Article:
The fact that the store is trying everything to ensure sales during sales makes it easier for customers to return goods without paying additional service fees. Sometimes, they even offer options "try before paying".
It cannot be denied that many will take advantage of the system.
But some businesses are fighting against it. Internet giant Amazon, For example, it has started block customers who return too many things.
"We want everyone to use Amazon, but sometimes people abuse our services for long periods of time," a company spokesman told The Wall Street Journal.
Other companies follow his example.
However, Vicky Brock, director of data and innovation at eBound Returns, a software system for managing returns, said it was wrong to assume that those who returned often were bad customers.
Brock argues that a small percentage of buyers generate the most returns, but the group includes the best and worst customers.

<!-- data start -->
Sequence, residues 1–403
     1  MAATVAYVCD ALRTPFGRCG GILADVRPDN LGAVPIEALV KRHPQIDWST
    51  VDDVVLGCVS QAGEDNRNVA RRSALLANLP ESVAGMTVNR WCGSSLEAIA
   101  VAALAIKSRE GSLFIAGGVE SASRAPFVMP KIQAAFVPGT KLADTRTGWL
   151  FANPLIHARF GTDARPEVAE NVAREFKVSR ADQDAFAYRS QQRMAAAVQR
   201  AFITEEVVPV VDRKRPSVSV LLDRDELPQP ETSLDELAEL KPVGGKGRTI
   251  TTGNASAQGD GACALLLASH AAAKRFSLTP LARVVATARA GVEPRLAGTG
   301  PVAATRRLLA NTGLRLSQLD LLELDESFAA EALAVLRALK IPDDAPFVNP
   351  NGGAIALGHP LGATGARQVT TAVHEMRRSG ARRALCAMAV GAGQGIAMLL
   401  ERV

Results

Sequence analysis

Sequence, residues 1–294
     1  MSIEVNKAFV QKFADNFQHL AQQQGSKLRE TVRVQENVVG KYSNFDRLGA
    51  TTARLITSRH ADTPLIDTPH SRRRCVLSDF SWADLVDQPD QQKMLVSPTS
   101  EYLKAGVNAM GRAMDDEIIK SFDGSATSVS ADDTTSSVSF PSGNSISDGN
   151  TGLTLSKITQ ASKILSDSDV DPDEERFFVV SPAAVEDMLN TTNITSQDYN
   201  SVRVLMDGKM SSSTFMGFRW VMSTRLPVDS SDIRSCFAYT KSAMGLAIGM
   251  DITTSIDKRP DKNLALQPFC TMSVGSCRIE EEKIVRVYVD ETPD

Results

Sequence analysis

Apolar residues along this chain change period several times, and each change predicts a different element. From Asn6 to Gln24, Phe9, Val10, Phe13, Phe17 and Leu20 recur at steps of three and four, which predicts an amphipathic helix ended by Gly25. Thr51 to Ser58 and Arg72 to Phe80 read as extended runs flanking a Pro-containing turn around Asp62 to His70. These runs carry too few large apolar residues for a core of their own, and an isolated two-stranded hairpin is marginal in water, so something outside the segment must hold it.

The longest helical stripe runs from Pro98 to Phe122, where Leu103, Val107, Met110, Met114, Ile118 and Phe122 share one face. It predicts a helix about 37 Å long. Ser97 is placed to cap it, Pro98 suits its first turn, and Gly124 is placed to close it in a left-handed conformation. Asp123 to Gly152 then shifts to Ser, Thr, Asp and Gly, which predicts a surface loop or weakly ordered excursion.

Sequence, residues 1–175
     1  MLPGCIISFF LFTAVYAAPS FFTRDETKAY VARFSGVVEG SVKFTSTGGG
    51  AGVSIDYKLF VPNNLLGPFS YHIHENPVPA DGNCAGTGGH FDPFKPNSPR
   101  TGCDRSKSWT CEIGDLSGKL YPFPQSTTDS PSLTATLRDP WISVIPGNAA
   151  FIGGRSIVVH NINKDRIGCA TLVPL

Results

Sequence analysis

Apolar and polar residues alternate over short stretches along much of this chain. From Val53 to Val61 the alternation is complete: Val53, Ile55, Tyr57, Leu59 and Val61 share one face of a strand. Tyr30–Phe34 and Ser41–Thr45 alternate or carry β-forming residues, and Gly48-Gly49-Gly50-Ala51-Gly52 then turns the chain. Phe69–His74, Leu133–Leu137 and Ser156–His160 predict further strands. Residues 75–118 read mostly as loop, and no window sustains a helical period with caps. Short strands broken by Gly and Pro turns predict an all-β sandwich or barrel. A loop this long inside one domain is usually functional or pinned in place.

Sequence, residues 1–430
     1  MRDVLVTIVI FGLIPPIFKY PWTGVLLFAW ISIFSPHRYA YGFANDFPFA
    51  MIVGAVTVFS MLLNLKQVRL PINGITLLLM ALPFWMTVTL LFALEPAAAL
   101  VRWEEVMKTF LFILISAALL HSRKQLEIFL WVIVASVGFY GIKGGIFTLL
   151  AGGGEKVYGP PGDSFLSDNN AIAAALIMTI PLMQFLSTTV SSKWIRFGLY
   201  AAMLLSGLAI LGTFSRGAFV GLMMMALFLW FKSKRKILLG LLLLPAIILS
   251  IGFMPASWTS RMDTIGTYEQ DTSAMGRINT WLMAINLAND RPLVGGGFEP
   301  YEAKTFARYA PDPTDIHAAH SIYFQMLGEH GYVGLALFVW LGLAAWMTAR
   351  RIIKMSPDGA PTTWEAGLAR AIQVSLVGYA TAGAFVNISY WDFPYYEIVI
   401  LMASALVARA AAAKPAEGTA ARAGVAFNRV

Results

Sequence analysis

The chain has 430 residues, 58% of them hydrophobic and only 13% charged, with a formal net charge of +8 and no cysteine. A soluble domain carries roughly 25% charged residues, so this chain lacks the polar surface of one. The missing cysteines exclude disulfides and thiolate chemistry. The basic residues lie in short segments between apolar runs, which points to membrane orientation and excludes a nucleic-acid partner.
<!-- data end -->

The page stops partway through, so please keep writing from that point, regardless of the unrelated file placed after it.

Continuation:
"Placing veto rights on buyers by returning goods repeatedly ignores the value of each customer and reveals that the trader he doesn't understand the behavior of his clients well", he told the BBC.
There is data that shows that the more orders that buyers make over time, the fewer returns they make per order.
Providing images of better clothes on the internet and more accurate sizes is one way that stores can reduce the amount of returns, experts say.
Some company companies like Uniqlo and Asos already have advice based on previous purchases and client's weight and height information.
Another option is to direct personalized marketing. For example, if a customer tends to keep using pants but always returns shoes, the ad will only come from the first.
Vicky Brock said the store must act immediately when the trend increases.
Buyers like Hester don't intend to change their behavior. "I don't feel sorry for traders, they are part of the problem because they offer free or very cheap returns. They have to adjust their size better"he explained.